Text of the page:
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By Frosty Wooldridge
8, 2014

Part 6: climb, sweat, climb, eat

“It is by riding a bicycle that you learn the contours of a country best, since you have to sweat up the hills and coast down them. Thus you remember them as they actually are, while in a motor car only a high hill impresses you, and you have no such accurate remembrance of country you have driven through as you gain by riding a bicycle.” ~ Ernest Hemingway

(Wayne pedaling through the early morning “cool” temperatures with mist rising from the snow from the early morning sun shining through the trees. Pedaling through the Cascade Mountains of Oregon.)

While on a long distance bicycle tour, the hills, mountains and valleys etch their memories into your thighs. Your skin tones, muscles thrive, mind clears and your body becomes a power dynamo. The terrain blazes into your eyes with a kind of knowledge honed by a slow-motion movie clip.

Next morning, the sun rose through a fading gray sky while we packed camp. Quickly through 46-degree temperatures, we cranked east toward another summit. We passed a huge burned area where millions of skeleton gray tree trunks poked into the sky. Below, an ice-covered lake awaited warmer weather to offer its sparkling waters.

Once again, our lungs gulped blimps of air and our breaths steamed while we pressed on the pedals. We cranked a higher grade of 7 percent. We covered the altitude gain in two hours to reach the top of the pass at high noon. Snow stacked itself in drifts everywhere.

(While bicycle touring the backroads of America, the past jumps out to greet you in every town, village and hamelt. This old truck carries a license plate of 1919. You could ask for any color Ford you wanted as long as it was black.)

We “rugged up” for the ride down into the Village of Sisters. The small town received its name from the three mountains that gave it a dramatic backdrop.

We rolled into a “Subway Sandwich Shop” with hot chocolate being served. When you bust up mountains, your calorie count burns like a California wildfire. We entered the shop with voracious appetites. As Oscar Wilde said, “I can resist anything but temptation.”

The next day, the ride toward Redmond, Oregon presented us with stately pine trees lining the highway, crystal-clear rivers rushing over red-tan bedrock. Here and there, deer grazed on the fresh spring grass.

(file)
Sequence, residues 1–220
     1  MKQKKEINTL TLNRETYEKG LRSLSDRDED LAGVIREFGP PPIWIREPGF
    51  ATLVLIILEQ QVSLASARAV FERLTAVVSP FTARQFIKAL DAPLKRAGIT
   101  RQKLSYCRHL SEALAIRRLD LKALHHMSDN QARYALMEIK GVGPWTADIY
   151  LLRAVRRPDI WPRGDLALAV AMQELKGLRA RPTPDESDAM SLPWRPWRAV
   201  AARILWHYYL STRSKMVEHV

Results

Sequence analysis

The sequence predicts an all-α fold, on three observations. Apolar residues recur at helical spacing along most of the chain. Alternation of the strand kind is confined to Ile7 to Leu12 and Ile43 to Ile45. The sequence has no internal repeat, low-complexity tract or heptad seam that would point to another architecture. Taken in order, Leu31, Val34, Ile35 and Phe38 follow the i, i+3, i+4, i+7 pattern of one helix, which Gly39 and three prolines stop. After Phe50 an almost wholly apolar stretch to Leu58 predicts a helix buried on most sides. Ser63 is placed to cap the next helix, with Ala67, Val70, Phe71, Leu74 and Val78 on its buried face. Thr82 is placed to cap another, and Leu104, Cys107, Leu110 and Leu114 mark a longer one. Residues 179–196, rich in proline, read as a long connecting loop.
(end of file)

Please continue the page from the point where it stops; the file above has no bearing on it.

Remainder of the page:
The road dipped into one valley filled with volcanic rocks. We traveled through the “Ring of Fire” that comprises the volcanic activities of Mt. Saint Helens and surrounding volcanoes. We crossed over the Deschutes River. Like right out of a landscape painting, red bushes lined the water with green bursting from everywhere.

“Dang,” said Wayne. “I’ve never seen a prettier sight.”

“Takes my breath away,” Howard said. “It’s amazing that we pedaled through all that snow that ends up as water feeding these rivers. Oregon’s quite a beautiful place.”

Each river promised renewed clarity in the coming of spring. After punching over those Cascades, we enjoyed a relatively flat ride.

When you grind over difficult mountain terrain, your mind hardens to the task. Once over, glee takes over on the downhill side. After you reach flat terrain, your mind softens to a delightful mix of happiness and bliss. Every cell sparkles with energy. All triumphs represent effort over time. You celebrate in the corridors of your mind.

We rolled into downtown Redmond. Lovely old buildings! When you see 120-year-old architecture, it settles into your mind with a sense of wonder. When you visit Rome, you visit 3,000-year-old architecture with its grandiose facades and stallions pulling chariots. Statues of men of history adorn buildings like the Vatican. Waters gush like the “Fountain of Trevi” to inspire.